A new code of good practice governing various aspects of strike action came into effect on 1 January 2019. It is a welcome step towards eliminating violent and damaging strikes, but its effectiveness remains to be seen in practice, writes Johan Olivier and Lizle Louw.
In the past five years, South Africa’s mining industry has faced some of the country’s most prolonged and violent strikes over wages. For example, in the five-month strike in the platinum industry in 2014, nine people were killed. So far, in the strike at the Sibanye-Stillwater gold mines, which began in late November, three people have been killed.
Yet, wage increases won after such confrontations are often followed by job losses. Between 2007 and 2017, the country’s mining output fell 8% and mining employment dropped 6%. In contrast, Australia’s output grew 70% and its mining employment rose 34%. Chile’s output grew 2% in the same period with a 42% increase in mining employment.
In an effort to curb the loss of lives, injury, and damage to property arising from violent strikes, a declaration was signed by parties to Nedlac in Ekurhuleni in 2014, which has given rise to the Code of Good Practice: Collective Bargaining, Industrial Action and Picketing. The code was signed by the minister of labour on 12 December and came into effect on 1 January 2019.
This is a positive sign that South Africa’s labour law is becoming more balanced, despite unions’ resistance at Nedlac to any watering down of their ‘unfettered’ right to strike.
While we welcome the code, it remains to be seen whether it will have any effect on violent strikes. It commits all parties to good faith in collective bargaining, appropriate conduct during negotiations, timeously submitting demands, not to engage in any violence during a strike, and to enter into appropriate picketing arrangements before embarking on strike action. Although the code is not law, the Labour Court hearing an application for a strike interdict must take it into account.
The code introduces three critical new elements, relating to balloting, picketing, and advisory arbitration.
Instead of an absolute requirement that unions hold a secret ballot before embarking on a strike, the code offers a watered-down version. It requires unions to include in their constitutions a provision for a strike ballot, but if they do not hold the ballot, it cannot be used as a reason for an employer to secure an interdict against the strike. Employers have no right to monitor the ballot process. This is problematic. We often hear union leaders calling for a strike, but it is hard to know if union members support it because they agree or because they are intimidated.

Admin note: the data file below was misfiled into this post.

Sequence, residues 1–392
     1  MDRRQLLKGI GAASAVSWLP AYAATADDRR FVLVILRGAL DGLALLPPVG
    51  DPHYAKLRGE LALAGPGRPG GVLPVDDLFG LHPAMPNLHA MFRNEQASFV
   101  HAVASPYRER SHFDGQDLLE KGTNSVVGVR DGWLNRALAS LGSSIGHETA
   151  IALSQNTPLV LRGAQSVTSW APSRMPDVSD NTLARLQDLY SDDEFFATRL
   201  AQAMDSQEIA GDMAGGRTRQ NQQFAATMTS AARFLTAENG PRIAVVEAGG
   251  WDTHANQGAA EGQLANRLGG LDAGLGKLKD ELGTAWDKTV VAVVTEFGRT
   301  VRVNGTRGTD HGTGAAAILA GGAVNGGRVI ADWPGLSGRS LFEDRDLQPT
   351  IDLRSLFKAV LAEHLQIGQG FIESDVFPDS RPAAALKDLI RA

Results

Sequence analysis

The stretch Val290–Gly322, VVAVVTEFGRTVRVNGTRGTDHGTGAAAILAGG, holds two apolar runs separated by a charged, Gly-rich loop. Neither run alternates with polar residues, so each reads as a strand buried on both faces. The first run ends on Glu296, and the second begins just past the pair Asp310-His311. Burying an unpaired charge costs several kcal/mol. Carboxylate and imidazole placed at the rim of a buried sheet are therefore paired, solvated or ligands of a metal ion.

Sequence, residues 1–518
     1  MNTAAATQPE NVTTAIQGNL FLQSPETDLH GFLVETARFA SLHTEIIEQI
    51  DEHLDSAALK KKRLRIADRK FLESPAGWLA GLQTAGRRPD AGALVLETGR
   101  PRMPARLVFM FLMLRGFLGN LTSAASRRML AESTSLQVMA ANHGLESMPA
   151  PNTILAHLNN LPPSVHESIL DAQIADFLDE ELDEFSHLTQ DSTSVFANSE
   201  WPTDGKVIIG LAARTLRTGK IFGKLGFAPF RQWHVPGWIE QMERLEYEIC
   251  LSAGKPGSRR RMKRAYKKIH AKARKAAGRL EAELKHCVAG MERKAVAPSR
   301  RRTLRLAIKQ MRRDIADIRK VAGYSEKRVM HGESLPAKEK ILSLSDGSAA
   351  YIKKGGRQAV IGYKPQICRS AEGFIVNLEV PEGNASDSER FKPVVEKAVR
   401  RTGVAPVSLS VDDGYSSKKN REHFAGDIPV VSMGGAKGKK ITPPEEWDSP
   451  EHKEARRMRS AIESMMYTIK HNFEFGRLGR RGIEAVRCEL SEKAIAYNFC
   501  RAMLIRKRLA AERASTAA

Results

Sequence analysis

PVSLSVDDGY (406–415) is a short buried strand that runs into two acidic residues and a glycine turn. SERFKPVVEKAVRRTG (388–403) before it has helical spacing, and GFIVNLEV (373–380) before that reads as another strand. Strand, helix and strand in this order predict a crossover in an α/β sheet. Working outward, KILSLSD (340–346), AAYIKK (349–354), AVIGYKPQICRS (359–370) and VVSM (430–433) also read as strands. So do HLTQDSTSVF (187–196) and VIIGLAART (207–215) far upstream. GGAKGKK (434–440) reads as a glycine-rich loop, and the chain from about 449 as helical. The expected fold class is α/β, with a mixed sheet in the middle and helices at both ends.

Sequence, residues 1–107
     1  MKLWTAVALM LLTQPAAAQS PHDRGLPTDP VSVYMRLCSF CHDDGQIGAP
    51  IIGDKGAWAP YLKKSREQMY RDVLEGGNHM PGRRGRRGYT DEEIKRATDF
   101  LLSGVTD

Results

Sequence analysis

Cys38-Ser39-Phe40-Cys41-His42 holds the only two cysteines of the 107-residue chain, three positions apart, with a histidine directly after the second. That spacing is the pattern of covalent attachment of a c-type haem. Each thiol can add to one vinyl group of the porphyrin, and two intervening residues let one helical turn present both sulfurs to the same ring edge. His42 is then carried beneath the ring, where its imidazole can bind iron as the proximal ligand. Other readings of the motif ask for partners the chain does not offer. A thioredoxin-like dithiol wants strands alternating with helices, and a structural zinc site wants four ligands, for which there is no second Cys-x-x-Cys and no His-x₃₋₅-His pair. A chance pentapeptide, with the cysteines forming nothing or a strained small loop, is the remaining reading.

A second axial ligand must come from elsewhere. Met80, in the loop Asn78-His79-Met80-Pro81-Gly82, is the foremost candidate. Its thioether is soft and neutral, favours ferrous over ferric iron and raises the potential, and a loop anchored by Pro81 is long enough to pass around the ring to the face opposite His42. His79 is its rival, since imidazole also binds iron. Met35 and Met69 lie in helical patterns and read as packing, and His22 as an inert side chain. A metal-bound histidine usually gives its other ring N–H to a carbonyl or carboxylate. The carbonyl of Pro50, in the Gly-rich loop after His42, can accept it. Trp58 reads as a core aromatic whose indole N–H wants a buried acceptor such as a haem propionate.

According to the code, no picketing may occur without a prior agreement on it. If a picket is formed, and there are no picketing rules in place, the employer may apply to the Labour Court to interdict the strike for this reason.
We believe this is a positive step because the first few days of strikes are often chaotic and picketing rules may help to apply restraint.
The code also provides more guidelines for the South African Police and private security companies in relation to picketing. It requires unions to appoint a strike convenor, to set up their pickets only at designated locations, and not to interfere with the access of suppliers or clients, or to engage in intimidation or carry dangerous weapons. Contravention of any of these provisions would allow the employer to apply for an interdict to stop the picket.
The Labour Relations Act now provides that the director of the CCMA may appoint an advisory arbitration panel in certain circumstances. For example, when the strike has become protracted and violent, the director can appoint the panel either on his or her own accord or on application by one of the parties to the dispute or, interestingly, on application by anyone who is affected by the strike. That could include communities or members of the public.
The advisory arbitration award will not be binding on any party to it unless the party accepts the award. It seems unlikely that any party whose interests are not served by the award would accept it. The award may however be published, which could reduce public sympathy, or the support of union members, for a party who rejects a reasonable award that could end the strike.
Use of facilitators for wage negotiations
The code encourages parties to collective bargaining to make use of facilitators for this process. This is not a novel concept and many employers have made use of facilitators agreed between the collective bargaining parties. It would, however, be valuable if the CCMA could establish a panel of specially trained commissioners who could fulfil this role, much like those provided by the CCMA to facilitate large-scale retrenchment consultations.
The code is a welcome development and a valiant attempt to establish more balanced strike law. Unfortunately, it is toothless when it comes to the key issue of interdicting violent and protracted strikes. It does, however, set South African strike law on the right path and provides employers with more legal options to counter strike action.
Johan Olivier and Lizle Louw are partners at Webber Wentzel and specialists in employment law.